Part of paving China’s path to green development can be found in the country’s national parks.
Recently, the Chinese government announced a plan to establish a network of national parks by 2020.
The aim is to protect these national gems from environmental threats.
CGTN’s Frances Kuo takes a look.
They are some of the rich treasures of China: more than 200 national parks.
Now, there’s a new plan to help preserve them.
“It marks a new stage of China’s national park establishment,” said Peng Fuwei, Deputy Director of Social Affairs, National Development and Reform Commission. “This will open a new chapter of our ecosystem and natural heritage protection.”
The plan was unveiled after a two-year pilot program.
It calls for national parks to have distinct borders, or “red line zones,” in which areas will be under mandatory protection. Also, management will be streamlined and monitored by the state.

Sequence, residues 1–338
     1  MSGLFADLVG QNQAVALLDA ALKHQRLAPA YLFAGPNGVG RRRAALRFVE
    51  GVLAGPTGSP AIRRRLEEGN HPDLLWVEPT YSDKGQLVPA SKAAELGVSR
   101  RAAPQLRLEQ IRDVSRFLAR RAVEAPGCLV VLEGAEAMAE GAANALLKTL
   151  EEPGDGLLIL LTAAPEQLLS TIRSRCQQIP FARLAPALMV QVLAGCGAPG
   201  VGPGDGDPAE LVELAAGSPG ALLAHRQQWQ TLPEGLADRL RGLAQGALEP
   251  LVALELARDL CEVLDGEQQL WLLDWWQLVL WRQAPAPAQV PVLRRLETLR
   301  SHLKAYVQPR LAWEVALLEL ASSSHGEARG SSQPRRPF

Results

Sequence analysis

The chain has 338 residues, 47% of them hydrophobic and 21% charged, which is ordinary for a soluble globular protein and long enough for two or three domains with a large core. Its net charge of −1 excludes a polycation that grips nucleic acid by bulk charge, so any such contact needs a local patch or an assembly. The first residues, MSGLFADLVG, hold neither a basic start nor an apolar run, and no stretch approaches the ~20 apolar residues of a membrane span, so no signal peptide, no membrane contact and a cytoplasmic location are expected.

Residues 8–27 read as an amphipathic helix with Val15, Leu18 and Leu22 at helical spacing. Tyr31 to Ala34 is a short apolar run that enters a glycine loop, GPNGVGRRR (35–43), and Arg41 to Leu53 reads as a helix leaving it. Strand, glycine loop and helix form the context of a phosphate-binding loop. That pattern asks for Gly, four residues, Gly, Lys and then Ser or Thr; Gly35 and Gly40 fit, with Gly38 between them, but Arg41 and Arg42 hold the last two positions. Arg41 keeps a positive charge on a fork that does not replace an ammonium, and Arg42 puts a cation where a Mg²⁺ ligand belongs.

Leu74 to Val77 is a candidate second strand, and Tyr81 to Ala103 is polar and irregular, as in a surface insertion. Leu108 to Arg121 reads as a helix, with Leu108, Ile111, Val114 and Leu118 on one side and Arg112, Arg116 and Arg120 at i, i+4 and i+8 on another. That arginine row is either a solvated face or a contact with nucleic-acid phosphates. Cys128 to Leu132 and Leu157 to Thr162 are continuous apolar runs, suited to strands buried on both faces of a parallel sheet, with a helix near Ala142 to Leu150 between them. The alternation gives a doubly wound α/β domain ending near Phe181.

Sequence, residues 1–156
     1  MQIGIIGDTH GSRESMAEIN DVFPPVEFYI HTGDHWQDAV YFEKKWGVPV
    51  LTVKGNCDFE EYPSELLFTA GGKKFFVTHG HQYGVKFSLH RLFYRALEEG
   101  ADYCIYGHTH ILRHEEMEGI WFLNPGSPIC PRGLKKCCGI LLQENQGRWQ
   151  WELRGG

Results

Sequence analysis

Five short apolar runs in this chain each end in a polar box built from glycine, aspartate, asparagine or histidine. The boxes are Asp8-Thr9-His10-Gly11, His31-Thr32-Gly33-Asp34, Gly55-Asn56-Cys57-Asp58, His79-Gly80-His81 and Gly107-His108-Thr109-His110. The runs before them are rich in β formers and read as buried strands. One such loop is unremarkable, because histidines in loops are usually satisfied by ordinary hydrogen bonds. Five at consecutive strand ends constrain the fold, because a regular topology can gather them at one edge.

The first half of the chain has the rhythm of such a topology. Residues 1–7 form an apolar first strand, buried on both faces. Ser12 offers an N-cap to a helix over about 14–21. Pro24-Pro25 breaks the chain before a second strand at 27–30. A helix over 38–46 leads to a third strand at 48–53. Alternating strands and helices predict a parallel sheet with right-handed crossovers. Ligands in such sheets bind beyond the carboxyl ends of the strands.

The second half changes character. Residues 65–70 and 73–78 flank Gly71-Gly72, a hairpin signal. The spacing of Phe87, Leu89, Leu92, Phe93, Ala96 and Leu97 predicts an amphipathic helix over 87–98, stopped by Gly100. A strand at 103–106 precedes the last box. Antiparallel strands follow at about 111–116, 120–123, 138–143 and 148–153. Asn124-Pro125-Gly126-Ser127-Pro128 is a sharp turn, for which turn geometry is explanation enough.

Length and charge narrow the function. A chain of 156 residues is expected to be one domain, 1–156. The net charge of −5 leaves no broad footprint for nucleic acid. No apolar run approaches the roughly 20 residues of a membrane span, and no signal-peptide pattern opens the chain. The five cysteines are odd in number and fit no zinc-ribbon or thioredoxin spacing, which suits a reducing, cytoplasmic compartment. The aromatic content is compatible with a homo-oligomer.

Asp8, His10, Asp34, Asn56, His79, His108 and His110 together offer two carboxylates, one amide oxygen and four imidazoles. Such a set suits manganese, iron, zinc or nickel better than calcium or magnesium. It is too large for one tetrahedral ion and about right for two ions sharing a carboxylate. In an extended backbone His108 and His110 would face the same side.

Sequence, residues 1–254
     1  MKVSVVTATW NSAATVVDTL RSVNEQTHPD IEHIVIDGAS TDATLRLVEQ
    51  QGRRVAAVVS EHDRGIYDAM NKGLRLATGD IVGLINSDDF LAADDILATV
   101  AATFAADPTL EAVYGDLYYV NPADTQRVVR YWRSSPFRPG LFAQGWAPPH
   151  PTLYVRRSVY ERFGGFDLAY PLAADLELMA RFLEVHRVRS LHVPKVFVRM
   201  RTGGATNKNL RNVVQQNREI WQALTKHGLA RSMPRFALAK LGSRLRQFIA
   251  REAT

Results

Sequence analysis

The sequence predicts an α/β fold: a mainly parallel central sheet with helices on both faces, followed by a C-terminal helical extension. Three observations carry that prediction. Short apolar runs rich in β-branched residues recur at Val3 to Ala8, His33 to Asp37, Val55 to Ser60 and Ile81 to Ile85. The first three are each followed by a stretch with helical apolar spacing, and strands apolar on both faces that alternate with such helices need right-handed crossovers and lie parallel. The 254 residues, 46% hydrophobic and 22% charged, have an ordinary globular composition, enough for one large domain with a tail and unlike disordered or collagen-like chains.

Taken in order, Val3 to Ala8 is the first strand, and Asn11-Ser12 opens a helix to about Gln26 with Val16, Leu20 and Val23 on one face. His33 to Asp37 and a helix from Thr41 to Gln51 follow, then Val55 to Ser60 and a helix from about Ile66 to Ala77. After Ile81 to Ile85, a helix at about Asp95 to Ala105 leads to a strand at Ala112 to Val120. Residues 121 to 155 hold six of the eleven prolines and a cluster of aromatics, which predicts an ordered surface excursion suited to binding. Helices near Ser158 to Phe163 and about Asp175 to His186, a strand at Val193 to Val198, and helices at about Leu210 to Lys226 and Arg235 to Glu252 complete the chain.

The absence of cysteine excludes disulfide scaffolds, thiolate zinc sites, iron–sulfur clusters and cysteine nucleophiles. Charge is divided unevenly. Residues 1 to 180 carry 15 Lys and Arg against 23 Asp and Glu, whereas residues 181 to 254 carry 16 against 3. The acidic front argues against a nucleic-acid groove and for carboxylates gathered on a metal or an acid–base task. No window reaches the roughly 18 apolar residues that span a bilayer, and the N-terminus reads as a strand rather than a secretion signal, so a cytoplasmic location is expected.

Construction, illegal mining, pollutants and hunting will be banned.
Also under scrutiny will be local officials. They’ll face penalties if they don’t perform their duties.
The plan follows the launch of China’s pilot program of 10 national parks, with a total area of 170,000 square kilometers.
Some protect endangered and threatened species like the giant panda; others are dedicated to historic relics like the Great Wall.
To boost interest in national parks, beyond the most famous ones, the park will offer educational and leisure opportunities to the public.
“They are owned by the whole people, not a certain department, interest group or tourism company,” said Zhu Chunquan, a pilot program expert.
After the national park system is in place in three years, the government will take additional steps to make the network and management even more efficient by 2030.